The placenta is an organ that is not present from birth, like a heart or a liver or lungs. It is the only organ that our bodies make as reproductive adult women when we are pregnant. There cannot be a pregnancy without it. It maintains the hormones necessary for a pregnancy to continue. It is the vital link ( via the umbilical cord ) between the baby's and the mother's circulatory systems to provide nourishment and oxygen to the fetus and to carry away waste products from the baby's blood, so it can be eliminated from the mother's body.
There is much concern over this vital organ throughout the pregnancy and many factors affect it's health and optimal functioning. Women over age forty sometimes have more placental issues. And women who experience a premature rupture of the amniotic sac. Multiples, high blood pressure, clotting disorders, substance abuse, a history of previous placental problems or previous uterine surgery are all factors that may affect placental well-being. Abdominal trauma can also lead to placental problems, but the trauma must be severe because the pregnancy is provided with a lot of layers of protection.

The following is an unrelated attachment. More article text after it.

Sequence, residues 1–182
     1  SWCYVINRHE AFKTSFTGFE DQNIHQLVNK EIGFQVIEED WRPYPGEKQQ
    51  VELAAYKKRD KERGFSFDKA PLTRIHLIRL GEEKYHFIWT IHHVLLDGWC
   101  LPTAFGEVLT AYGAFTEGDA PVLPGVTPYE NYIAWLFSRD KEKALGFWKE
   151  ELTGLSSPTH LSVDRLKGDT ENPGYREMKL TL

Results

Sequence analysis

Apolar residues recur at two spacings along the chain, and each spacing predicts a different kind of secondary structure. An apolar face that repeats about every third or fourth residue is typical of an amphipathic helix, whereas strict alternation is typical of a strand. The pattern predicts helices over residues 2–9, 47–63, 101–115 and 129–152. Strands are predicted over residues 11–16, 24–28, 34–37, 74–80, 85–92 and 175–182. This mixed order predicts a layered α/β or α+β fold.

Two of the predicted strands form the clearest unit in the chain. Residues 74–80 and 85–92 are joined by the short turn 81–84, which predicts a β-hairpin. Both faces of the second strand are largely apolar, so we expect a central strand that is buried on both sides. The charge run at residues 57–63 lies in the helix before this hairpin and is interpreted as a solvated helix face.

There are some fairly common problems that can cause heavy vaginal bleeding, even hemorrhage and that is why pregnant women and women in the post partum should contact their provider if they are saturating a pad an hour.
An abruption occurs when the placenta pulls away from the uterus before delivery. Therefore, the baby's means of oxygen, nutrients and waste disposal are compromised. It may necessitate immediate delivery.
Placenta previa occurs when the placenta, which usually attaches to the wall of the uterus,either partially or completely covers the cervix. Sometimes what appears as a previa on early sonogram will resolve as the uterus grows with the pregnancy, taking the placenta along with it, up the wall and away from the opening to the vagina.
Accretia is a rare condition which may require cesarean section and post delivery hysterectomy as well. It happens when the blood vessels of the placenta grow too deeply into the uterine wall.
The placenta is delivered shortly after the baby is born. The miraculous organ is no longer needed and it must be removed to prevent hemorrhage or possible infection. On occasion, placental fragments may be discovered days after birth, when vaginal bleeding remains extremely heavy and a D&C must be performed to eliminate all traces of the now useless organ.
Refer back to a previous blog, please, if you are interested in uses for the placenta after it is delivered.